For Vacationers, House Rentals Can Be More Cost Effective

Article excerpt

Stuffing a home with 20 or more people seems like a good way to rub nerves raw.

But for some summer vacationers, it is the only way to go.

"All of my family's memories of summer vacation are there," says Dan Palmer of South Fayette. He participated in rental home vacation trips 17 straight years until 2006.

It is a summer vacation often filled with huge meals, suntan lotions and seemingly endless supplies of beer and cola. It also is filled with one-liners repeated too often and music you'd rather not hear. Again.

But it is a style that maintains its popularity.

"If, for some reason, we couldn't go, it would be awful," says Mt. Lebanon's Carola Benincasa, who has been on group trips with up to 21 people.

"You get away from everything," says Jennifer Certo of North Huntingdon, whose trips have numbered to 17 guests, "We don't take our laptops. There's no soccer, no dance classes, nothing."

Trips can be massive undertakings, such as this year's expedition to the Outer Banks in North Carolina by the family of Wil Forrest of Crafton. There will be 34 people in eight bedrooms.

They can grow steadily. Tom and Cindy Mrozenski of Ben Avon began taking trips to the Outer Banks about 12 years ago with just their three children. Then, over the course of 10 years, both sets of parents joined them, then siblings, cousins and aunts.

The trips also can become nearly must-do events. Benincasa says her trips were "off and on" for about six years, but have turned into a more regular item in the past four.

For all of those reasons, group trips require understanding as well as planning. Palmer says his family tends to begin its planning as part of Christmas activities.

It sounds like a simple idea

For many people, the idea started out simply enough.

In 1990, Palmer says, he and his family were talking about summer vacations when the idea of a beach trip hit them.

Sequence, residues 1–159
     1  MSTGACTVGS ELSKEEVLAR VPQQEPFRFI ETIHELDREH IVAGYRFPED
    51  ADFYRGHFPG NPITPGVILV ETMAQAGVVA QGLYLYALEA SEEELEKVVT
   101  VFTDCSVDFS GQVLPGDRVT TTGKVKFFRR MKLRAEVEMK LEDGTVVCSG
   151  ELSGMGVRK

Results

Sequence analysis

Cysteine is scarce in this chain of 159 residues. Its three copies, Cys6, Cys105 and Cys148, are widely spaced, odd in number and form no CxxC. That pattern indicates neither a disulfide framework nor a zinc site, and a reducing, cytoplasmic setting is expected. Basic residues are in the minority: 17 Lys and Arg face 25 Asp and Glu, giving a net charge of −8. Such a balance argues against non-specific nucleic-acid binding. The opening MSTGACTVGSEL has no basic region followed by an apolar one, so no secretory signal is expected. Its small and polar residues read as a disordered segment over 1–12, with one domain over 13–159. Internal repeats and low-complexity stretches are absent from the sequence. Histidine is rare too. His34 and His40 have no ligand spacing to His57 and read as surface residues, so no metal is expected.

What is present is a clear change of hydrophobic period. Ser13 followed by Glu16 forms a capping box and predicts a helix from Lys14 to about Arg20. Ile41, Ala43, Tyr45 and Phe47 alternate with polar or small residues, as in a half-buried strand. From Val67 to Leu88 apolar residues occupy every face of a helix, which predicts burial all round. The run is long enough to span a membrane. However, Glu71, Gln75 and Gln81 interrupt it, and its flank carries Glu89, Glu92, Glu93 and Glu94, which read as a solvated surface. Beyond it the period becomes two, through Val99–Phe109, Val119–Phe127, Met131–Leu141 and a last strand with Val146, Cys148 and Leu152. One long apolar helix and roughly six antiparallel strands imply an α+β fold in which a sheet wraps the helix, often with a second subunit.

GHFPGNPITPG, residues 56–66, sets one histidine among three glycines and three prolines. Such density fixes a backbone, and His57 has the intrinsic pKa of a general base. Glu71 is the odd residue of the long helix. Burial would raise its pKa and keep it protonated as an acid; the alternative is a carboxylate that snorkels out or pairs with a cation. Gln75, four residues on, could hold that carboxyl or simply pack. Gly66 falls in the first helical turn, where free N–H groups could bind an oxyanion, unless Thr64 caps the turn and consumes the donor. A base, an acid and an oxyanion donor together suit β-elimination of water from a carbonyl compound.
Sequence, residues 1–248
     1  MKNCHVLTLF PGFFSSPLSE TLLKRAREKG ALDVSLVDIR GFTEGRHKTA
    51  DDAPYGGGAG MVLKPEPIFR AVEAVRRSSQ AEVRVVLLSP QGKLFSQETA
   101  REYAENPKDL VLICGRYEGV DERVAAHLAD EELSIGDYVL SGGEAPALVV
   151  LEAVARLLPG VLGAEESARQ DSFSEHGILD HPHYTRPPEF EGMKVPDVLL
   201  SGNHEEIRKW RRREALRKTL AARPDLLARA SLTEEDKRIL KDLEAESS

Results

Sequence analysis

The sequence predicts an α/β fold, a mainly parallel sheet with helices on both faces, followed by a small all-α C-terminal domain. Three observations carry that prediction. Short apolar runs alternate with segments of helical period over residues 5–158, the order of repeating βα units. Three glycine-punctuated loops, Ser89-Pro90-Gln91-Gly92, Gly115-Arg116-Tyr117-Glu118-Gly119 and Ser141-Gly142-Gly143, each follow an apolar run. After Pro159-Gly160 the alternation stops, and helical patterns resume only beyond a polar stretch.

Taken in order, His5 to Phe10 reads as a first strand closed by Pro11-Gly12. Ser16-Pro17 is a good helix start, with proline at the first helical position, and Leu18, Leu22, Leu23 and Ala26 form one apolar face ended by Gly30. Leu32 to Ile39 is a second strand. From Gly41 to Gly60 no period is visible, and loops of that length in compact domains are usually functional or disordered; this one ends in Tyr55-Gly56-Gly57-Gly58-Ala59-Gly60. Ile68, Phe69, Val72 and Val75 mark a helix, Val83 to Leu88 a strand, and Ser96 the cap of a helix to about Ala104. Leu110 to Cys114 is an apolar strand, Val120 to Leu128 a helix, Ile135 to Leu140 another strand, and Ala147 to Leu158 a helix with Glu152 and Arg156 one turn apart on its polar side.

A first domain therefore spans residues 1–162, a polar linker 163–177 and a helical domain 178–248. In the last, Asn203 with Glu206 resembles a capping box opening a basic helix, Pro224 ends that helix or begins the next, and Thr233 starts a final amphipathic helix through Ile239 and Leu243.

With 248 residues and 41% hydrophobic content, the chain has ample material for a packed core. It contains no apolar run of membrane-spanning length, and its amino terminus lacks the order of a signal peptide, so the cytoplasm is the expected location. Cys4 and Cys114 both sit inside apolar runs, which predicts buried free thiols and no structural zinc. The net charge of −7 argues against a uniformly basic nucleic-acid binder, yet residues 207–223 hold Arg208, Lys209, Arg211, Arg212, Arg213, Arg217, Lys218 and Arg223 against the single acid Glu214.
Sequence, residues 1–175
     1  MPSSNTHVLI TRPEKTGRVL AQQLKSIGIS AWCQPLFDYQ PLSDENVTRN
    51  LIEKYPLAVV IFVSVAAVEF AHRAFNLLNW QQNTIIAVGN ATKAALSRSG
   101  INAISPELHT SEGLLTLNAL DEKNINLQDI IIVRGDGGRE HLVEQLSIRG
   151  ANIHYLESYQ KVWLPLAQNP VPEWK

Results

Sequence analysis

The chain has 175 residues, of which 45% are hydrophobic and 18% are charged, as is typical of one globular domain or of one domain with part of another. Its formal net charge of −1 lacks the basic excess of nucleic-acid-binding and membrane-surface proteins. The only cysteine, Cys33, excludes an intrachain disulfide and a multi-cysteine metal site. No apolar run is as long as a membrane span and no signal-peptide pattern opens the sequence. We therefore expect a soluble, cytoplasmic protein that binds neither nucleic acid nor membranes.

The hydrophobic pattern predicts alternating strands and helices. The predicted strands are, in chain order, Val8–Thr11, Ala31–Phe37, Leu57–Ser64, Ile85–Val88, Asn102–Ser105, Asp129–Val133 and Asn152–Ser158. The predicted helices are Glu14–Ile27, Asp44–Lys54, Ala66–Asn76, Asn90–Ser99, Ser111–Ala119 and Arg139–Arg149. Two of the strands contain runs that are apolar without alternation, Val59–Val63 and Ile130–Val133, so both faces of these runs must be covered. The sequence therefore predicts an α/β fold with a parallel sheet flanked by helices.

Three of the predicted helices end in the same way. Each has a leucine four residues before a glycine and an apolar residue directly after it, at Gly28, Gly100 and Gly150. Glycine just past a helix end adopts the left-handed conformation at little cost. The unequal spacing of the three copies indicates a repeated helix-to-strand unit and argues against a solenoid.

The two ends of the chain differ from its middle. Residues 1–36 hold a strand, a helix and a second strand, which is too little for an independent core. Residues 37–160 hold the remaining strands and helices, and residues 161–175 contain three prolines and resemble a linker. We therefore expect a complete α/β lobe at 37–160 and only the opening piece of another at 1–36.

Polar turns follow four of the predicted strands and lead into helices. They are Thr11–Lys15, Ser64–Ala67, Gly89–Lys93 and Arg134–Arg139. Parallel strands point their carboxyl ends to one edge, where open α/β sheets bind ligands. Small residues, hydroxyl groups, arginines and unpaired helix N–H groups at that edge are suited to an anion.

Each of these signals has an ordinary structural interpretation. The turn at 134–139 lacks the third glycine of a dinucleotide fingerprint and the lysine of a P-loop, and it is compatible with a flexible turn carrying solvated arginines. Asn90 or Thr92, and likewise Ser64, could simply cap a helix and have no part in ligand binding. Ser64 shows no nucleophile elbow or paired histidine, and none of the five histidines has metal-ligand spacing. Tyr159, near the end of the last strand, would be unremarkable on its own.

He says a friend had been going "to the Outer Banks with her family and we just sort of stole their routine."

The first trip had 11 people; trips since have grown to 29. In trips that have taken place every year since 1990, the extended family has stayed in the same house in the Outer Banks only once and has visited other places such as Virginia Beach, Va., and Deep Creek, Md.

Regardless of location, the activities on the vacations "translate rather well," Palmer says.

After discovering the fun of vacationing together, Louse Parkhill's group has made trips to the Outer Banks, Myrtle Beach, Deep Creek, Las Vegas, and are considering a cruise for 2009. The Cheswick resident says the key to the trips is "we don't always do the same thing."

For most vacationers, the routine of the home rental trip includes big jobs. They start with a grocery shopping for people whose thoughts on breakfast differ as much as their tastes in music. And they include dinner preparations that turn into friendly best- meal competitions.

Or they can involve massive field trips to tourist highlights such as kayaking trips on the Albemarle Sound side of the Outer Banks.

"You want to make it fun for everyone," Certo says. She says her group works hard at making sure members don't feel obligated to tag along to any planned activity.

Parkhill, who was on a 21-person trip in April, says that during the trip "we all are on our own and can do what we want."

Similarly, Forrest and his family generally go out for dinners, rather than worrying about making a big meal for a large group. They also tend to break the group into smaller units so as not to overwhelm a restaurant.

Demands such as grocery shopping and beach needs for vacationing groups have created new business outlets, says Carolyn McCormick, managing director of the Outer Banks Visitors Bureau.

Renters can get the help of firms who will do their grocery shopping and deliver the order to their homes just after the afternoon book-in time. …